UNITED NATIONS (Reuters) - U.S. President Donald Trump’s bid to slash funding for the United Nations would make it “impossible” for it to continue its essential work, a U.N. spokesman said on Wednesday, adding that the organization was ready to discuss reform with Washington.
The Trump proposal cuts about a third from U.S. diplomacy and aid budgets, or nearly $19 billion. This includes cutting some $1 billion from a U.N. peacekeeping funding and a steep cut to funding for international organizations.
The United States is the biggest U.N. contributor, paying 22 percent of the $5.4 billion core budget and 28.5 percent of the $7.9 billion peacekeeping budget. These assessed contributions are agreed by the 193-member U.N. General Assembly.
“The figures presented would simply make it impossible for the U.N. to continue all of its essential work advancing peace, development, human rights and humanitarian assistance,” Stephane Dujarric, spokesman for Secretary-General Antonio Guterres, said in a statement.
Congress sets the federal government budget, and Republicans who control both houses and Democrats have said they do not support such drastic cuts.
Trump has said the U.S. share of the U.N. budgets was “unfair.” The General Assembly is currently negotiating the peacekeeping budget from July 1, 2017 to June 30, 2018 and will later this year negotiate the next U.N. regular budget.
Trump wants to cap the U.S. peacekeeping contribution at 25 percent. The United States is reviewing each of the 16 U.N. peacekeeping missions as the annual mandates come up for renewal by the Security Council in a bid to cut costs.
During a lunch with U.N. Security Council ambassadors at the White House last month, Trump described the U.S. contributions to the United Nations as “peanuts compared to the important work” as he pushed the world body to reform.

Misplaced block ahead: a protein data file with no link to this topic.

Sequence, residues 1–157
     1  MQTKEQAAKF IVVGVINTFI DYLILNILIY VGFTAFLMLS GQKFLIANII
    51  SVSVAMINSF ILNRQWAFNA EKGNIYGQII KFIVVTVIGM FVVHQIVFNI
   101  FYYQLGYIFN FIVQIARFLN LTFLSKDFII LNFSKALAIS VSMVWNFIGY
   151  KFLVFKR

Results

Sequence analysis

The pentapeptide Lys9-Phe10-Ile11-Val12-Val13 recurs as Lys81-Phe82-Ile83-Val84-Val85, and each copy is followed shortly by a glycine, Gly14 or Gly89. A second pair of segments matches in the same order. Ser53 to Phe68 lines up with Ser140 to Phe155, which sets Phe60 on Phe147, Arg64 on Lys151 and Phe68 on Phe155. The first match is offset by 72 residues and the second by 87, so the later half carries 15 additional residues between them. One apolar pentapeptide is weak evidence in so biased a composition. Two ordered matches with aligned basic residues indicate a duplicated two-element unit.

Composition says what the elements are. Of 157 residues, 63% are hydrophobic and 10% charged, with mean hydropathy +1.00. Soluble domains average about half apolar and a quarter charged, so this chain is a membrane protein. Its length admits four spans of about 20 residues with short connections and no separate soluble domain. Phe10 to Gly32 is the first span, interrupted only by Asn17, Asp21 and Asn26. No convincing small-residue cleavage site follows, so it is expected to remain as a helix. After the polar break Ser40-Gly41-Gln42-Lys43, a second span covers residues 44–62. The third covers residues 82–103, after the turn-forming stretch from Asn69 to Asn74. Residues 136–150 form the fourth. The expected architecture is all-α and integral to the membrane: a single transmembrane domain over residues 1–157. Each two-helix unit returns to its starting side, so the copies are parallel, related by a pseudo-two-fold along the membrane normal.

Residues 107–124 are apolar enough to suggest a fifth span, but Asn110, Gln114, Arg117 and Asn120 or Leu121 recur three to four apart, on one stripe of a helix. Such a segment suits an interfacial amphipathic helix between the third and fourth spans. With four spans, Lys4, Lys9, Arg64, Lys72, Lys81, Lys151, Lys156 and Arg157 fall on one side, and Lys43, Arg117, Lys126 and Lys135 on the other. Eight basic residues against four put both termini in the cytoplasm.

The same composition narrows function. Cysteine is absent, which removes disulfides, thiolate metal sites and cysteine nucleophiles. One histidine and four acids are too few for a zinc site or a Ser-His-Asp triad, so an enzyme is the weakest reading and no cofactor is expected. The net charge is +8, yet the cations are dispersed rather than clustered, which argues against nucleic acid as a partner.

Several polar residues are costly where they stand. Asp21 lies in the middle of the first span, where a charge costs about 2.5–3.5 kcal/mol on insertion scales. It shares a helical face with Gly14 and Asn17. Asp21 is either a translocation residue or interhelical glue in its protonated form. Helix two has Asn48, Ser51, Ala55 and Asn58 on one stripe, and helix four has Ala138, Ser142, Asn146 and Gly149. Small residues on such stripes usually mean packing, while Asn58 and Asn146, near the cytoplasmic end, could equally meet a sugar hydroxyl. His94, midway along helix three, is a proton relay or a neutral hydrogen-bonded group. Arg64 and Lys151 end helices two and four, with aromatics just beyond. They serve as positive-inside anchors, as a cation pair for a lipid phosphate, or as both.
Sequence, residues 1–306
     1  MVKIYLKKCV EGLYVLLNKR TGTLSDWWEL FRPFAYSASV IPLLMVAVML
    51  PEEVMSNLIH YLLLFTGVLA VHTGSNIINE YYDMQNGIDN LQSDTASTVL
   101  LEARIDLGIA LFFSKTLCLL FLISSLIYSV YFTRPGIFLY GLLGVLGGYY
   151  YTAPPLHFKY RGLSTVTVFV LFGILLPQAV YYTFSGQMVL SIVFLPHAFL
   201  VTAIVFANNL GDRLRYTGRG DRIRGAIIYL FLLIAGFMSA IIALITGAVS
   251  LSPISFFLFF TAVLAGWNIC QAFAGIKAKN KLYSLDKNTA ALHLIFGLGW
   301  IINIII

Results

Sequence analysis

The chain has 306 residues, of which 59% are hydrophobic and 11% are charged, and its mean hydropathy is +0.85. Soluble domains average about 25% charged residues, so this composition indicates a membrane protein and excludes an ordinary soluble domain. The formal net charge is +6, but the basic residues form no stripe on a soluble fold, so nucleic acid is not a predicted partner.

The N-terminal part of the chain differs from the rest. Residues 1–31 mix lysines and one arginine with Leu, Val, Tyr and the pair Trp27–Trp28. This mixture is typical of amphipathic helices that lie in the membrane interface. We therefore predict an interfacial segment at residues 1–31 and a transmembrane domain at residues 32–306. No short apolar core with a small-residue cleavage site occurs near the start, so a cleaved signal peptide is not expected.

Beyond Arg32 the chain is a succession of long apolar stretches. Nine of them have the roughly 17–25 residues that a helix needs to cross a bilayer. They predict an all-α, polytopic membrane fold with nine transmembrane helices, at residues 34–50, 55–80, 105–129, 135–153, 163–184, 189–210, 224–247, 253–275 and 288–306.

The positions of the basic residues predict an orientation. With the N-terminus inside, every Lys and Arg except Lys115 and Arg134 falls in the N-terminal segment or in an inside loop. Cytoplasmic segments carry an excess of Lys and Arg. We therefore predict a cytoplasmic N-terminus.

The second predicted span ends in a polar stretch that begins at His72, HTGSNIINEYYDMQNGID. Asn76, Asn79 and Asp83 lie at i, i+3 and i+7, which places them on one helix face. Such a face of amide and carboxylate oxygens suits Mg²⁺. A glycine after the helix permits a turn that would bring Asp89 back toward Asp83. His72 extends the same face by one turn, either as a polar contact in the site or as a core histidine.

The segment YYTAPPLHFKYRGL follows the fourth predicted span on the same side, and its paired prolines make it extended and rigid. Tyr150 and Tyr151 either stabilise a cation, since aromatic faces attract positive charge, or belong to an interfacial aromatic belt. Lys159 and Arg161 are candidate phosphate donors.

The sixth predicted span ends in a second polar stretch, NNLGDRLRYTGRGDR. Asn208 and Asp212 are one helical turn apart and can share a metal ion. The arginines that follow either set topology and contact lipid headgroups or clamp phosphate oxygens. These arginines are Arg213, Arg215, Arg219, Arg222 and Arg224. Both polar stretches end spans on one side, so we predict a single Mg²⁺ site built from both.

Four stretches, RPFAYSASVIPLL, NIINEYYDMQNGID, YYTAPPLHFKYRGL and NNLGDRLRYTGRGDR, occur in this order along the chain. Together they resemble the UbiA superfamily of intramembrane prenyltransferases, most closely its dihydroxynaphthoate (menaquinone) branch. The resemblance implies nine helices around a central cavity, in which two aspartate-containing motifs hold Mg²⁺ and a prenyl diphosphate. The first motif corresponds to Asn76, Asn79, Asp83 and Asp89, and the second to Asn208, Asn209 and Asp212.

“The Secretary-General is totally committed to reforming the United Nations,” Dujarric said. “We stand ready to discuss with the United States and any other member state how best we can create a more cost-effective organization to pursue our shared goals and values.”
Trump’s budget proposal included a 44 percent cut to funding for international organizations, but does not specify the cuts, other than “funding for organizations that work against U.S. foreign policy interests.”
The State Department said last month it was ending funding for the U.N. Population Fund, an agency focused on family planning and maternal and child health in more than 150 countries. Guterres warned the cut could have “devastating effects.”
U.N. agencies such as the U.N. Development Program (UNDP), the children’s agency UNICEF, and the U.N. Population Fund (UNFPA), are funded by governments voluntarily.
In 2016, the United States was the top contributor to the UNDP’s core budget, with an $83 million donation; the leading donor to UNICEF’s core budget in 2015 with $132 million; and the fourth-largest donor to the UNFPA, giving $75 million.
Reporting by Michelle Nichols; Editing by Chizu Nomiyama and James Dalgleish